The Scottish Government has outlined plans to work closely with the food industry to make eating out healthier in a bid to tackle the obesity crisis.
The Out of Home Action Plan includes proposals for a code of practice for healthier children’s menus and calorie labelling on menus in cafes, restaurants and takeaways.
Public Health Minister Maree Todd said: “We know that by giving people more information, such as the number of calories in meals, empowers people to make healthier decisions when eating out, or ordering in. This plan proposes bold measures on how we can work with the food industry to create sustainable change to reduce harm to people’s health caused by poor diet and excess weight.
“It remains an unwelcome reality that communities experience health, quality of life and even life expectancy differently across our society and the current health emergency has further highlighted the damaging impact of inequality. The Out of Home Action Plan is a welcome step in working together with partners to reduce health inequalities and support people to live longer healthier lives everywhere in Scotland.”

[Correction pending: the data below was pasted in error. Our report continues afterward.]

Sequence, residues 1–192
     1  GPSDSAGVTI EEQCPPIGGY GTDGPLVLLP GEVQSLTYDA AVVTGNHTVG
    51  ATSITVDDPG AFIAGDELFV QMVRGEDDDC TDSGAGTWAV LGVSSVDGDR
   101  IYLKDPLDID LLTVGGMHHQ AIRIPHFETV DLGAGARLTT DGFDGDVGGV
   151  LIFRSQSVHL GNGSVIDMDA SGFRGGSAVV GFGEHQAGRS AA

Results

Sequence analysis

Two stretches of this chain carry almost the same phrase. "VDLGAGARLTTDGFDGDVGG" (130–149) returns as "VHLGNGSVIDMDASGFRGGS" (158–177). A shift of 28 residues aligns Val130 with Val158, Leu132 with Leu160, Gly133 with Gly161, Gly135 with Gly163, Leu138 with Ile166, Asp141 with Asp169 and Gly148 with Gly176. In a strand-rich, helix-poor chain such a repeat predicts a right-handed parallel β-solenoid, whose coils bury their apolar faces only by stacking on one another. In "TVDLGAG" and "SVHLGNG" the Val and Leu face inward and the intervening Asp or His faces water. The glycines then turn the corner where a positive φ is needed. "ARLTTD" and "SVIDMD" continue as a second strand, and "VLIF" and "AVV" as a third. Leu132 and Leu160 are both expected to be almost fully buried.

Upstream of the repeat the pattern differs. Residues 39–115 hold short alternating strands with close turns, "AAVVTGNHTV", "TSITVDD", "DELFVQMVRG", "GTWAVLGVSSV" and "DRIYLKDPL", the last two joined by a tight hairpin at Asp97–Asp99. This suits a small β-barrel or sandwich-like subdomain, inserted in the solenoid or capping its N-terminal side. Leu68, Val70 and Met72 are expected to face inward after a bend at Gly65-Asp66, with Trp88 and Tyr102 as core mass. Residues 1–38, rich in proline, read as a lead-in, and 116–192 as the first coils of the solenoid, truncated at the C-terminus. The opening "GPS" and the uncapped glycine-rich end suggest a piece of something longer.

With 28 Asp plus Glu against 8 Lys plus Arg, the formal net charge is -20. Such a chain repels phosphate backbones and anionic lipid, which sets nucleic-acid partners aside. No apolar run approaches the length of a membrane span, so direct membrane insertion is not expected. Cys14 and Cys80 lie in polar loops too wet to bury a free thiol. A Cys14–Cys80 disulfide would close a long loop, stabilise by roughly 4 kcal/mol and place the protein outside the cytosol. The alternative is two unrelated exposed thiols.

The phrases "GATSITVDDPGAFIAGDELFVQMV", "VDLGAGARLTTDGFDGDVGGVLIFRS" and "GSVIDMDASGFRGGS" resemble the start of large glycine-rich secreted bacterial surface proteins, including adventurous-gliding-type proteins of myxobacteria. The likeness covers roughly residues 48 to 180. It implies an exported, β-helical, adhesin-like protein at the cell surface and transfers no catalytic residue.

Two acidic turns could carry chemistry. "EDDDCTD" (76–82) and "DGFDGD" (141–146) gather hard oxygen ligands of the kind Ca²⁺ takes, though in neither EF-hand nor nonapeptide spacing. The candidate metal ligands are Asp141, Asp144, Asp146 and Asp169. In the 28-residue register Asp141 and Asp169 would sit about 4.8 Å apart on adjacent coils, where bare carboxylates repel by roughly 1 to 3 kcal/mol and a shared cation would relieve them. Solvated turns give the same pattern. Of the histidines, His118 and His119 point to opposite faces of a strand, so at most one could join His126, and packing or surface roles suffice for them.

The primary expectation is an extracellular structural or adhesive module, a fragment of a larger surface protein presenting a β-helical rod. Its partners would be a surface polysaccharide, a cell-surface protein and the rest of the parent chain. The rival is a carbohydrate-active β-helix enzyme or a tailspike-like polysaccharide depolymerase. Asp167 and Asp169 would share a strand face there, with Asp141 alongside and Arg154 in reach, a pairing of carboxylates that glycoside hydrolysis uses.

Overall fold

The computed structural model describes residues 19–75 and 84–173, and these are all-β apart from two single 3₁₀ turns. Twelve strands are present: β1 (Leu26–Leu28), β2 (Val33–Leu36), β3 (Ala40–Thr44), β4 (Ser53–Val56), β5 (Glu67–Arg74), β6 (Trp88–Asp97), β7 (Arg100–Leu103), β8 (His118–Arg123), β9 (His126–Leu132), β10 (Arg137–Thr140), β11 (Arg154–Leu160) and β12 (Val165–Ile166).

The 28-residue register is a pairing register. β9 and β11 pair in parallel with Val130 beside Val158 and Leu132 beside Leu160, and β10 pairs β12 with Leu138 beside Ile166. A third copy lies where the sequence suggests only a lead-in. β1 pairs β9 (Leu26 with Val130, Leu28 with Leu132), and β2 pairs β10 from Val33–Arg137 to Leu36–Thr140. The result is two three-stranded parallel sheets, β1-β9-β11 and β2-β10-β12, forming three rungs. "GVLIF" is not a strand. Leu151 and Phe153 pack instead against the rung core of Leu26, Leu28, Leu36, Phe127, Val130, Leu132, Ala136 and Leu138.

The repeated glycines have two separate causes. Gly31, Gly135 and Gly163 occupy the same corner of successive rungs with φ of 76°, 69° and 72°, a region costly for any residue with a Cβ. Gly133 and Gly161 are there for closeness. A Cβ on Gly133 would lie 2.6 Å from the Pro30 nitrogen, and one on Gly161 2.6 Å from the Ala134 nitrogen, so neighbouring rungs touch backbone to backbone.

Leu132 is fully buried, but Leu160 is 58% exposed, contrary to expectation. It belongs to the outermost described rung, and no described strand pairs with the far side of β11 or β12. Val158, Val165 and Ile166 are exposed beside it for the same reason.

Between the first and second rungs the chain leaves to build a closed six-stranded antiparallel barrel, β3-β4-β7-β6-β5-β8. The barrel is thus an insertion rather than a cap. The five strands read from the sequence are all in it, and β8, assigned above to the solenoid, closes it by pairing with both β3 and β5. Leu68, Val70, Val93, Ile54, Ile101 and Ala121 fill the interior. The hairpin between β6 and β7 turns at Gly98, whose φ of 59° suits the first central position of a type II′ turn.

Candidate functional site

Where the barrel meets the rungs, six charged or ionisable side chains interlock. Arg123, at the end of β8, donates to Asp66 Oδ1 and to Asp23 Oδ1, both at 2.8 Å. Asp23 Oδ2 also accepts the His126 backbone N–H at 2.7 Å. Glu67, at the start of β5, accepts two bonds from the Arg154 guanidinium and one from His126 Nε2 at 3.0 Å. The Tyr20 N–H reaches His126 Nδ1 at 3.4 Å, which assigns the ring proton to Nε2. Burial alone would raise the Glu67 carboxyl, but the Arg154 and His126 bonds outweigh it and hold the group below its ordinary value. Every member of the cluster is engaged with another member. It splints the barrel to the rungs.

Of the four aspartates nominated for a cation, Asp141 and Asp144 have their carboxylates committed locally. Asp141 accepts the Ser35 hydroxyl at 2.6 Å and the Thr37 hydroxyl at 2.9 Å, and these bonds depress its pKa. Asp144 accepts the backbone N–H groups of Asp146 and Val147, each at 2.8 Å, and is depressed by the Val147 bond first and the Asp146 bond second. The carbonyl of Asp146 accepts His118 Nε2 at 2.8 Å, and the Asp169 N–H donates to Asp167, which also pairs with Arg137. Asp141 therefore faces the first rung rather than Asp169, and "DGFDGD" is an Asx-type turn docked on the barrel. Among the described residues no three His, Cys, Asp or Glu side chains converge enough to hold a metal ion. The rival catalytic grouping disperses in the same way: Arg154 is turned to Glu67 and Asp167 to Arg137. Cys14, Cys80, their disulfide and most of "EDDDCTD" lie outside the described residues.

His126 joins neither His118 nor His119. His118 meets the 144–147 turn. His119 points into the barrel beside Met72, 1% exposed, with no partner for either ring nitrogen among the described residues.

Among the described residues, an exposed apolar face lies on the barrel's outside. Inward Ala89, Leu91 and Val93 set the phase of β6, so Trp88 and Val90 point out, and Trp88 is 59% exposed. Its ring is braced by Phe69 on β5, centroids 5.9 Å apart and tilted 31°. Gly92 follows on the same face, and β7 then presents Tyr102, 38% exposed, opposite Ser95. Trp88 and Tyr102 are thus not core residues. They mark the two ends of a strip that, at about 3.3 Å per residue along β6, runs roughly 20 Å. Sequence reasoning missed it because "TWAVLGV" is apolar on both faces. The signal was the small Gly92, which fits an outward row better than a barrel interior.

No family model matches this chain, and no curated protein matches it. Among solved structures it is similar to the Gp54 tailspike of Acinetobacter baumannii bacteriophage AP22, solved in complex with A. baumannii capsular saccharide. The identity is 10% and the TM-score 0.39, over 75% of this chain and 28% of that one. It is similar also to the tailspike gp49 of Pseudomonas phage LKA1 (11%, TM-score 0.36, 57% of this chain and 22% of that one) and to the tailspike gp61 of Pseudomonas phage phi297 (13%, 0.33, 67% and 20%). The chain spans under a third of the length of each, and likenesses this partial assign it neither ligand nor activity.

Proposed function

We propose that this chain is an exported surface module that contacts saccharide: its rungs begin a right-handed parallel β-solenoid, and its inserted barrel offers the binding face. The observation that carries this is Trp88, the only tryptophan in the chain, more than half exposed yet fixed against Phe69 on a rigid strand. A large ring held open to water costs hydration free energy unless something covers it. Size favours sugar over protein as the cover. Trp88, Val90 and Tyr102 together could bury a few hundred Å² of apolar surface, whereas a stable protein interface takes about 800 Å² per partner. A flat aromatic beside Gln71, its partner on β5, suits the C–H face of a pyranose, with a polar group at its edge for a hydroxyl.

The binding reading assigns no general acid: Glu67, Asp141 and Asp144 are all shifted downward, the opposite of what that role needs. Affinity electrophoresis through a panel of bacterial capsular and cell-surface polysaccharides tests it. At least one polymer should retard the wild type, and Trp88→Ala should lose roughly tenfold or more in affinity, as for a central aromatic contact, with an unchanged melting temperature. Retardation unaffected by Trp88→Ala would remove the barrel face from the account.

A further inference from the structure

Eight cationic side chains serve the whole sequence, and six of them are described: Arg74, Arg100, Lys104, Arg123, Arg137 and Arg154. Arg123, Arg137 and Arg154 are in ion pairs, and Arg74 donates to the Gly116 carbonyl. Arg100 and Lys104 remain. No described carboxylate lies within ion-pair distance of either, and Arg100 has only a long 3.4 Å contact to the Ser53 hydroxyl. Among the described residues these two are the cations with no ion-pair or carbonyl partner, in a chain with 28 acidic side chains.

The Out of Home Action Plan has been developed following recommendations made by Food Standards Scotland before the pandemic, as a result of actions agreed in the Scottish Government’s 2018 Diet and Healthy Weight Delivery Plan.
Food Standards Scotland Chair, Ross Finnie, said: “While we recognise there has been a significant disruption during the pandemic, the rise in take-away and delivery services means it is critical we work with the sector to take steps that support a healthy diet and healthy weight.”
Chief Executive of Public Health Scotland, Angela Leitch, added: “We have a shared national ambition in Scotland to be a country where we eat well, have a healthy weight and are physically active.
“Local take away businesses, cafes, restaurants and others in the out of home sector continue to play an important role in supporting changes that will help improve our diet and in turn maintain a healthy weight.”